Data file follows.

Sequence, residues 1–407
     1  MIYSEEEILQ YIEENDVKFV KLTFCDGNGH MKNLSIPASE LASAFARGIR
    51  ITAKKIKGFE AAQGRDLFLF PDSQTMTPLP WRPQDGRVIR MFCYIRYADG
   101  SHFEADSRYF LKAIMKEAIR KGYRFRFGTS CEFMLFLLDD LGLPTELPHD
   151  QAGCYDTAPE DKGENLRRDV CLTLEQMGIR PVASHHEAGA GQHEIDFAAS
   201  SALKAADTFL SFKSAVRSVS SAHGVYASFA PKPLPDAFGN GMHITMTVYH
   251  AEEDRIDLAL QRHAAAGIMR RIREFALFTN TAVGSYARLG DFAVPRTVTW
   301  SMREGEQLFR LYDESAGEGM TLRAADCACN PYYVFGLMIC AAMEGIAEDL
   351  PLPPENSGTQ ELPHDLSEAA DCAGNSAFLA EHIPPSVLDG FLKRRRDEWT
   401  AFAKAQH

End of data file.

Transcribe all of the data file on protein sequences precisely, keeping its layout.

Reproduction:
Sequence, residues 1–407
     1  MIYSEEEILQ YIEENDVKFV KLTFCDGNGH MKNLSIPASE LASAFARGIR
    51  ITAKKIKGFE AAQGRDLFLF PDSQTMTPLP WRPQDGRVIR MFCYIRYADG
   101  SHFEADSRYF LKAIMKEAIR KGYRFRFGTS CEFMLFLLDD LGLPTELPHD
   151  QAGCYDTAPE DKGENLRRDV CLTLEQMGIR PVASHHEAGA GQHEIDFAAS
   201  SALKAADTFL SFKSAVRSVS SAHGVYASFA PKPLPDAFGN GMHITMTVYH
   251  AEEDRIDLAL QRHAAAGIMR RIREFALFTN TAVGSYARLG DFAVPRTVTW
   301  SMREGEQLFR LYDESAGEGM TLRAADCACN PYYVFGLMIC AAMEGIAEDL
   351  PLPPENSGTQ ELPHDLSEAA DCAGNSAFLA EHIPPSVLDG FLKRRRDEWT
   401  AFAKAQH